Tuesday, January 26, 2010
A few days ago, I gave in to that overwhelming human desire. I did something just because everyone else was. I just wanted to be like all the cool kids. It worked out for me about like dancing in public did. And trying to have straight hair. And wearing a do rag. And buying the corduroy purse with the fuzzy trim.
Sometimes when I try to be like the cool kids, I eventually figure out how to blend in. But it's never without lots of work. The decision to give up or trudge forward through the humiliation of fitting in is typically correlates to the cost. For example, dancing in public, the only hope for me would be to take lessons. Lots and lots of lesssons. That costs lots and lots of money so, instead, I choose to sit at a table and talk. Trying to have straight hair, that requires a lot of time and I'm not a foo-foo girl so I go curly. As much as I'd like to forget the do-rag, it was from the dollar store so heckling from my family made that an easy one to give up. And the purse with the fuzzy trim, garage sale. The look of horror on their faces when I brought it home cued me in to what lay in store for me if I dared to carry it outside the house again in anything other than a donation box. Not worth $3.
The decision to try and blend comes with things like decorating my kids' birthday cakes. I've always admired mothers who create unforgettable birthday parties with hand-crafted banners and pretty little party favors. I have boys and boys don't care about hand-crafted banners and pretty little party favors. But my tooshie parked in a La-Z-Boy chair the entire first year of Caelan's life, rocking him while I watched every episode of Martha Stewart ever produced, the holes in my day filled with crafting and cooking shows on TLC only fed my need to find my gimmick to fitting in with the cool party-throwing moms. I wanted people to "Oooh!" and "Ahhhh!" like I do when I see those pretty parties. But I wanted the "Ooohs!" and "Ahhhs!" to come from my kids.
My focus became a cake coordinating with a theme, something the kids are passionate about at the time. If you go into a bakery and ask for, say, a cake shaped like a raccoon, that can be pretty expensive. So even though I humiliated myself with the Farmhouse cake incident (the off the chart level of praise over the wonderful flavor of my Betty Crocker cake mix birthday cake let me know I needed a little practice), I eventually got to where I could make a not-even-close-to-perfect-yet-very-identifiable raccoon shaped cake. No one wanted to eat it because they said it felt like I was serving roadkill. But it was what my kid wanted and it saved me money. If I would have been smart, I would have made a big tire track over the top of it and called the uneven parts of the cake intentional.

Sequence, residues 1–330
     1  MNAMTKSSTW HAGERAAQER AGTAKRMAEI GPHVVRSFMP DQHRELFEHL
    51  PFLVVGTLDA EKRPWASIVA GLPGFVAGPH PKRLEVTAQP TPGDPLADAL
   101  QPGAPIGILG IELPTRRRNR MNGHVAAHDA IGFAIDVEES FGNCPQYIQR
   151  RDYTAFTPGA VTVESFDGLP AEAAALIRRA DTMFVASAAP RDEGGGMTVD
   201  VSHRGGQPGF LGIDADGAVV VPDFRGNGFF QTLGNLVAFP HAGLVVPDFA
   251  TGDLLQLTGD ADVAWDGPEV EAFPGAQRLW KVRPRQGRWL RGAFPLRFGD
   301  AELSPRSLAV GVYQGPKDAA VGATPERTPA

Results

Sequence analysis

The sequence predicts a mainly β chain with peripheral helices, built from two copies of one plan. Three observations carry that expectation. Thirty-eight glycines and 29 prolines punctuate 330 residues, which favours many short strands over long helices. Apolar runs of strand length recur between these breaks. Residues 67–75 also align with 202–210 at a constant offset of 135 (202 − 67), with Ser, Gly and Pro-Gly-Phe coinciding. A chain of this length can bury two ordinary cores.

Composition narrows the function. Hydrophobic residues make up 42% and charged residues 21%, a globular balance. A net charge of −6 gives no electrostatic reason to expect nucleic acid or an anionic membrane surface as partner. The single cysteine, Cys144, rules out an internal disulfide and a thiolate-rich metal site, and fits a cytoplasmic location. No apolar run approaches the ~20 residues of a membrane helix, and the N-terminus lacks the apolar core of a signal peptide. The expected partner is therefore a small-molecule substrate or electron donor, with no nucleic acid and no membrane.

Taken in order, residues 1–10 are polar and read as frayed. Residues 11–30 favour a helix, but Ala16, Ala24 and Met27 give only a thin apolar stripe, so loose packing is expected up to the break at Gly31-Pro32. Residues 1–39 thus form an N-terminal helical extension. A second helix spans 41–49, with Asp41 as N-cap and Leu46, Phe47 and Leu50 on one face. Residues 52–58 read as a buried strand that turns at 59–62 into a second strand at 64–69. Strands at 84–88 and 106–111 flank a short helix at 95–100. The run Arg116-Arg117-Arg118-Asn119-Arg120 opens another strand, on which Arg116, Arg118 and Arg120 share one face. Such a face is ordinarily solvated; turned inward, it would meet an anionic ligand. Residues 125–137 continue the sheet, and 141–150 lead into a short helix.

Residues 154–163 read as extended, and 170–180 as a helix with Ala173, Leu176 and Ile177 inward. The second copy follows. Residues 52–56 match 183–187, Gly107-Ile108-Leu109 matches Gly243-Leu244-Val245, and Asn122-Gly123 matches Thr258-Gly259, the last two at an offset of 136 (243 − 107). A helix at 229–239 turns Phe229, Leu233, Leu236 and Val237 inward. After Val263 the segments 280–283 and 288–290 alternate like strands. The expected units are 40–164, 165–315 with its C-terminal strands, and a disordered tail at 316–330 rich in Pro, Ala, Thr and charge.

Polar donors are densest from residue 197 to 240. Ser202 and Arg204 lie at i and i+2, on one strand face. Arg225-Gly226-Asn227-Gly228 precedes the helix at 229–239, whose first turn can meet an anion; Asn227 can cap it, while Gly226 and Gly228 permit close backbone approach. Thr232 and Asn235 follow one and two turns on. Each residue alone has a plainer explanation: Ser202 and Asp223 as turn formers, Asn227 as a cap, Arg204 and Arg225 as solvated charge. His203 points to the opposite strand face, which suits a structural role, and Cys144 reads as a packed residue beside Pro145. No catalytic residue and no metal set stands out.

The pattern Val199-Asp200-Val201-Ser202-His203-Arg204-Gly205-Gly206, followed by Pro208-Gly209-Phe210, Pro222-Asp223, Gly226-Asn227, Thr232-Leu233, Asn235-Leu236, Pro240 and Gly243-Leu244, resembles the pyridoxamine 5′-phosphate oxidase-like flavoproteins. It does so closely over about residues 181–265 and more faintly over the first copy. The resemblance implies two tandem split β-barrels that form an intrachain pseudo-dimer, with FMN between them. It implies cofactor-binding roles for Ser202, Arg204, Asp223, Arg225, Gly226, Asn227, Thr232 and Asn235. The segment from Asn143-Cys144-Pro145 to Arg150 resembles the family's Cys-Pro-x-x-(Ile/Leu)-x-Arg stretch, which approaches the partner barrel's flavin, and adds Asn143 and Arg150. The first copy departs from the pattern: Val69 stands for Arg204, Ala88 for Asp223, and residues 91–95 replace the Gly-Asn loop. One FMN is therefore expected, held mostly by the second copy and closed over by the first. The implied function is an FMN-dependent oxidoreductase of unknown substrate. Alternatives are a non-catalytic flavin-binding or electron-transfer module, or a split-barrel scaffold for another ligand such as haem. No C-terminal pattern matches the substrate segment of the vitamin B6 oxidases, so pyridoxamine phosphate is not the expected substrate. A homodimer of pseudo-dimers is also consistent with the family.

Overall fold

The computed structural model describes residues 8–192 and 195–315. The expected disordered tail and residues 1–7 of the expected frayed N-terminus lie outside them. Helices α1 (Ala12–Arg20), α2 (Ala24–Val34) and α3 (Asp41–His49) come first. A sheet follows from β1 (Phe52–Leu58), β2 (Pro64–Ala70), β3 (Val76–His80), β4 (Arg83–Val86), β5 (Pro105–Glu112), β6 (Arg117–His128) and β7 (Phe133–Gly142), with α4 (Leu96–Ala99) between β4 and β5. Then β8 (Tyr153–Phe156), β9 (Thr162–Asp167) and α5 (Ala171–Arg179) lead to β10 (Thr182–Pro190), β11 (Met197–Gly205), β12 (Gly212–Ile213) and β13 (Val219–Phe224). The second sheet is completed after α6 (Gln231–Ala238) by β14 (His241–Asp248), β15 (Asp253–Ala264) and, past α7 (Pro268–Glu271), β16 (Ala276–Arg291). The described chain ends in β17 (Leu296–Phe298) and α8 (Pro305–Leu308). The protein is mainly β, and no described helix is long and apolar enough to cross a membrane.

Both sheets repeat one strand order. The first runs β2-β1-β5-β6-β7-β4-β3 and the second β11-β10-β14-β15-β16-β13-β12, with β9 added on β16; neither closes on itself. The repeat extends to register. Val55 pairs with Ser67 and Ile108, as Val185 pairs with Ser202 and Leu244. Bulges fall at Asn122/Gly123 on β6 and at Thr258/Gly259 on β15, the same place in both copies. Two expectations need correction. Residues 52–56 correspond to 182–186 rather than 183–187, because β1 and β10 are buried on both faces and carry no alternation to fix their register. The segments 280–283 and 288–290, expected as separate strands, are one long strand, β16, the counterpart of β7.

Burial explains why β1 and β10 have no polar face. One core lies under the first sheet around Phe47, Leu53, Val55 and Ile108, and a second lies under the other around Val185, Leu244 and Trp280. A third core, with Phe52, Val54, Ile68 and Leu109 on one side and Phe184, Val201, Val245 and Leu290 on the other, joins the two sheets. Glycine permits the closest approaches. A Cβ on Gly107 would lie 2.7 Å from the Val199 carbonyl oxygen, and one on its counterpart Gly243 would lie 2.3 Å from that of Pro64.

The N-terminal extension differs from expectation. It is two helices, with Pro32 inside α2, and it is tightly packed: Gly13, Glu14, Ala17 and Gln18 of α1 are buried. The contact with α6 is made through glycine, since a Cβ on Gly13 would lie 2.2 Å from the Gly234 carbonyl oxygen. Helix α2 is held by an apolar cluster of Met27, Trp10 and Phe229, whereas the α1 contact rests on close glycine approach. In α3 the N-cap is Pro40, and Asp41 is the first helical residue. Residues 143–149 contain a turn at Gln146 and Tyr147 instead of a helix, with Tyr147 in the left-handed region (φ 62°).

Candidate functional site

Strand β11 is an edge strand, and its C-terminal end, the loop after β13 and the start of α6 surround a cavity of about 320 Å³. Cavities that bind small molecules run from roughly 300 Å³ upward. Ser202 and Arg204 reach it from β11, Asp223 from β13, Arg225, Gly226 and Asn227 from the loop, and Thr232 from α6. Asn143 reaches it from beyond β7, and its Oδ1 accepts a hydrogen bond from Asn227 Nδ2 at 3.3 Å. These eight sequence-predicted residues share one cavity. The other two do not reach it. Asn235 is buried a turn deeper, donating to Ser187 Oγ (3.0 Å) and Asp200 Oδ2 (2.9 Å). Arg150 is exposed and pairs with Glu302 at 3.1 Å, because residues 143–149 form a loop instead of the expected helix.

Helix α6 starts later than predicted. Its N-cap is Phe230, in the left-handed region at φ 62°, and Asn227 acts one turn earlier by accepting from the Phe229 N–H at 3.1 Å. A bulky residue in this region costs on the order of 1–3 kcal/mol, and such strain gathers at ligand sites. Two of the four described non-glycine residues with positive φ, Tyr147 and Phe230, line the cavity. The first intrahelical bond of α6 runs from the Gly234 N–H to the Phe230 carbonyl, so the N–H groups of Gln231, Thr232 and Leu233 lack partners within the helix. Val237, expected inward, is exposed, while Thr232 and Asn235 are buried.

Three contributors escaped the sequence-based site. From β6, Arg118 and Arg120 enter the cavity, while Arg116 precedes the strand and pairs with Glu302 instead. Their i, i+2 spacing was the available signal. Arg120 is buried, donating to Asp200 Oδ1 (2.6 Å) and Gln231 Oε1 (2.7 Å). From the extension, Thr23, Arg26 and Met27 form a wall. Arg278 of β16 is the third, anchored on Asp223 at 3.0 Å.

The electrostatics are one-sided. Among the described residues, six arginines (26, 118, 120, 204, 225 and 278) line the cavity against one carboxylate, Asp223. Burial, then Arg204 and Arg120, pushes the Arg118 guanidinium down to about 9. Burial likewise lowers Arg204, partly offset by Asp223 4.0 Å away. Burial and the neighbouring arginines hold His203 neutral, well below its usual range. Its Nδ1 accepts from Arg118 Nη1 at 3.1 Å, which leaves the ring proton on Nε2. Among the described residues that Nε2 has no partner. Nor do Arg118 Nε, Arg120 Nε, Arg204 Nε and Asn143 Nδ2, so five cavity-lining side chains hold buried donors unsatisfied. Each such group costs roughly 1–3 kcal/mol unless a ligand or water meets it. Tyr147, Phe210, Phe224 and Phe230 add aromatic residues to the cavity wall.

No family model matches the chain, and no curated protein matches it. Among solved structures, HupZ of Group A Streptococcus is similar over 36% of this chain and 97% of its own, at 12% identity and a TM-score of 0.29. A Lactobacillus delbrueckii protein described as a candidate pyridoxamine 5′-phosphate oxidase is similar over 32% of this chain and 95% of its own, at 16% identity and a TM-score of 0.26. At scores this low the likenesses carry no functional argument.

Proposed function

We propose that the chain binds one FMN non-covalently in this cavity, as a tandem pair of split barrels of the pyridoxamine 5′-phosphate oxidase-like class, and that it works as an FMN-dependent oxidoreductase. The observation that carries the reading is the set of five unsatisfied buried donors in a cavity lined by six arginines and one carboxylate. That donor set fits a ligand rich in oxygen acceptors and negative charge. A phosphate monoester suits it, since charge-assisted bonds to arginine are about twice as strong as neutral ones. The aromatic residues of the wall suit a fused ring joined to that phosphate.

I've gotten good at knowing my limitations, able to quickly size something up and know whether I have a chance at blending with the cool kids or not. But I somehow allowed myself to get sucked into the Glimmer Mist craze. And it wasn't pretty.
Unfortuantely, my zeal for being cool clouded my judgement. I started an assignment, with a fabulous image of the finished project in my head, the day before it was due. The results were so bad I contemplated having Will come spray a few squirts on it so if anyone happened to find it in our trash, I could say, "Oh, ha, ha! Will and I were playing around and I wanted him to feel really good about his part so I made it look like that on purpose." Instead I just licked my wounds and buckled down on a replacement project which I ended up turning in late.
I'm going to have spend a lot of time learning to blend with the cool kids on this one. It's not one I give up on. I have $30 invested here! I'm starting small this time. I made this little project.
Then I got cocky and decided to take it one step further.
My motto on this one is a quote by Charles Spurgeon.
By perseverance the snail reached the ark.